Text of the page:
. . . occasionally. I thought I'd share a little bit about VICTORY: THOUGHTS AND POETRY OF BATTLE. My eloquently poetic and energetically expressive friend Alex Ness has graciously invited me to partake in several projects over the years. Our relationship began almost at the onset of my creation of Rogue Blades Entertainment, when we met at a small con in Oconomowoc, Wisconsin. In that beginning, RBE intended to be a publisher of all forms of the heroic, from anthologies (our start) to novels, collections, poetry, even games. We labeled ourselves 'Entertainment' after all. And so a work of Alex's became RBE's first -- and now only -- poetry collection: MYTHIC MEMORIES. This collection is one of the most difficult yet joyful titles I'd ever worked on - it definitely is a 'delectable little verse collection celebrating the myths and memories of four ancient peoples -- the Celts, Egyptians, Greeks, and Norsemen.' Filled with public domain art and works from comic artist Trent Westbrook, MYTHIC MEMORIES holds a special place in my publishing heart.
Thus our relationship has been long, and as I said, Alex has continuously invited me to be part of unique titles, several that have genuinely ignited my interest. Yet my personal writing has been unable to match my ideas or my desires for a long while now, so inevitably I have failed to join him. Until now. This theme of battle and victory, how we explore victory, what is victory truly, is there victory in battle, grabbed me, sunk its musey talons into my mind, and began burrowing. As Alex describes, this title took a few years: he patiently waited on me to wring thoughts and words into coherent form, all the while adding to his own thoughts on battle and victory. Ultimately, while he shares the byline with me, my contribution is quite wee. Yet I am grateful, for his invitations and his prompting awoke a part of me sorely missed. While my words in VICTORY may not be much, and pale in comparison to Alex's, I am glad to have the opportunity to further explore my thoughts of heroics and my understandings of pain, valor, bravery, love, sacrifice, intent, hope, fear, sorrow, death, war, ideals, dreams, mankind, battle, and yes, victory. Here I share my short prose piece on 'War' from VICTORY: THOUGHTS AND POETRY OF BATTLE to bring you a taste of my ideas, the hint of my poetic voice.
Thank you for including me in this, Alex.
WE BE WARMONGERS
War. They say it’s a bitch.
They say it plays havoc with the soul.
They even say it makes any mortal a believer in an Ultimate Being. To curse or to beg, and that’s the war of the soul. Wars of words and weapons are many and frequent, yet though they are deadly--killing and driving to kill--it is those wars of the soul that doom a man, a community, a race, a nation, a world. These internal wars occur every day, across every continent, within every home, business, school, and government. They don’t need a battlefield to wage, logistics to determine, information to ferret, bodies to grind--but they will generate all that and more. They need only doubt and fear and jealousy and pride. It’s the results of these inner battles that trigger the words and weapons of literal war.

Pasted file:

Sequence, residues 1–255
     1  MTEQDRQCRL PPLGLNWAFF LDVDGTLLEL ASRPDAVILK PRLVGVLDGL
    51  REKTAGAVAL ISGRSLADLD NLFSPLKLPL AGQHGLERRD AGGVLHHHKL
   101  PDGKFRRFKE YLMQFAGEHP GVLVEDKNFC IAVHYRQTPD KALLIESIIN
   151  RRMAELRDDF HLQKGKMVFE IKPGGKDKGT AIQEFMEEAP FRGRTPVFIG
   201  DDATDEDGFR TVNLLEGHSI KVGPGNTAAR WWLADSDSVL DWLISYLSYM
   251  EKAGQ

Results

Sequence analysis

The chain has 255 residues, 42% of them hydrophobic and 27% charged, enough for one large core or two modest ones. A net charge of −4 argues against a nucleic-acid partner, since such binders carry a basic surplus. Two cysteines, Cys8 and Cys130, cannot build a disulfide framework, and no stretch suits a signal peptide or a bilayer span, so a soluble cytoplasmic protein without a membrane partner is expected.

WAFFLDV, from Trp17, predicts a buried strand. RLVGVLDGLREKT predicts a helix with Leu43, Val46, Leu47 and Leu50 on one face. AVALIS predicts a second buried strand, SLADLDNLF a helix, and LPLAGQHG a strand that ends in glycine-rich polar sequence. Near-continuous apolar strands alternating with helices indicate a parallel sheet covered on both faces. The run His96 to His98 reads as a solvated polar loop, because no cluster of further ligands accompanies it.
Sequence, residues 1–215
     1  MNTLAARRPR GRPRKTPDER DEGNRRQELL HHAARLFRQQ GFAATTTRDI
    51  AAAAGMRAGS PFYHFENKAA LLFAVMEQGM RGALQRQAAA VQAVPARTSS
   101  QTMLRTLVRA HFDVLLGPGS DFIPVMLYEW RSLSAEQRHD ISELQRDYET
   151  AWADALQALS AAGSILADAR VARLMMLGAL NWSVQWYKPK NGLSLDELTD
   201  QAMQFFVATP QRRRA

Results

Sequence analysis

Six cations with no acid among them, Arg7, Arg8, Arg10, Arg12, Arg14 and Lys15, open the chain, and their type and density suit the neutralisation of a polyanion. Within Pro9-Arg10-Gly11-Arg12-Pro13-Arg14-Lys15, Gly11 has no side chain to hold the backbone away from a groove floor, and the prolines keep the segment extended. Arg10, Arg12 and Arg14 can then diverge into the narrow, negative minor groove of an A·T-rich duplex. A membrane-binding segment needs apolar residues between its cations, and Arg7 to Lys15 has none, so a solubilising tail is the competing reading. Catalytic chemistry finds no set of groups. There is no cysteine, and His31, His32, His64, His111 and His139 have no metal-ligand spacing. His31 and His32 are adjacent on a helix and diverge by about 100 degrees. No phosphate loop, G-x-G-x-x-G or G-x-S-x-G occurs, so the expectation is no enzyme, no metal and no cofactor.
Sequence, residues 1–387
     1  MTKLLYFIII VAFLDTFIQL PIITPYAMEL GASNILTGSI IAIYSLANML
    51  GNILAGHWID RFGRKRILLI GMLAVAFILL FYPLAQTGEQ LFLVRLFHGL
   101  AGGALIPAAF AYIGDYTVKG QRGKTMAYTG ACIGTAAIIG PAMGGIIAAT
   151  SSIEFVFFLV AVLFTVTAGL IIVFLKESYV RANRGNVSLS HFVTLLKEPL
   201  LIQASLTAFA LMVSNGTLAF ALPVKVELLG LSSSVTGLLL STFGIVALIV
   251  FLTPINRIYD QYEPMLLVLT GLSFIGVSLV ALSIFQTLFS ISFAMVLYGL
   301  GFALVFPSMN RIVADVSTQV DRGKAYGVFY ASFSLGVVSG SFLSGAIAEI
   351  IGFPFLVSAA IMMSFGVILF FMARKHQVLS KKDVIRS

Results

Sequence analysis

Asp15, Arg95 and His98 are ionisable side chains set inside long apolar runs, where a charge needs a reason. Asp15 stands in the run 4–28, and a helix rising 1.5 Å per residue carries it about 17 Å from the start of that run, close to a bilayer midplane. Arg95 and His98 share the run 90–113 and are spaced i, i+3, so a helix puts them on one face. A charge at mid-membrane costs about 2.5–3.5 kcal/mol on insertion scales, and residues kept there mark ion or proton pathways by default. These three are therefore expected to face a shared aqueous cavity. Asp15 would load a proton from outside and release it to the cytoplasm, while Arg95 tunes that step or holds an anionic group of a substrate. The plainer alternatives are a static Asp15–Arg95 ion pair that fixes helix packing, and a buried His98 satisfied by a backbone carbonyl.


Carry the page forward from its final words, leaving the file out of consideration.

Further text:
We must interpret both what S.L.A. Marshall has said, “Those who would understand the true nature of war must begin by understanding man’s own nature, in its strength and in its weakness and in that fine balancing of good and evil, compassion amid brutality, hope amid ruins, and laughter in the middle of death…” and Horace Walpole’s famous quip, “Life is a comedy to those who think, a tragedy to those that feel.” Interpret as we are able. If we are able. For to understand and to make conscious choice, that is what we do with our brief moment upon life’s stage, and what we choose to do returns again and again upon those around us, leaves the path for those yet coming to follow. In our struggles do we balance or succumb, keep alive the dogs of war or feed the doves of peace, raise high or drag low our fellows. Do we laugh or weep in the face of pain, spit or kiss upon the needy hand, stomp or share the cares around us. The war within can make one immune, callous, even ignorant unless one chooses to aim higher, to find a worthiness and dignity in life.
War is the destroyer of life, but lives can be devastated and empty long before war actually arrives. Death within simply opens the door and lays wreaths before the spectre of war. How then do we turn aside this nasty bitch, reject the hounds of hell, and lift one another up? How then do we save our souls from the no-man’s-land of warfare, the demolition of all that is pure and innocent, and return anew our eyes and hearts and minds upward into betterment? We aspire, we stand resolute, we believe in ideals. In doing so, we save a soul one at a time; perhaps not even our own, but the one beside us, the one behind us, the one to come along. Each in turn with such striving rises, sometimes to heroics sometimes to inspire heroes, but always rises, even again after any stagger, after any fall.
War makes heroes they say. And I say heroes can unmake war.
Heroes are balm to the soul, sanity to the mind, calmness to the heart, goals to the eyes. Don’t trudge beneath the woeful burdens of a war-filled soul that leads ever and only onward to death-filled war! Shove aside that baleful gaze and sprint to fill the widening gaps till brother greet brother, sister sister, and all stand arm-in-arm to face the frightening hordes of pain and angst and sorrow. . .and find them retreating before the mighty combined uplifting of mortal heart and immortal soul! United, clear in mind and thought, unstained in heart and spirit, we all together can thwack the tides of war and blunt its charge. Doing so once makes doing so again easy, and yet again a habit, until our new nature it becomes. Let us wage war upon war!
Let us who are about to die deny the toll on the soul. Let us wage war upon--?
Let us wage war.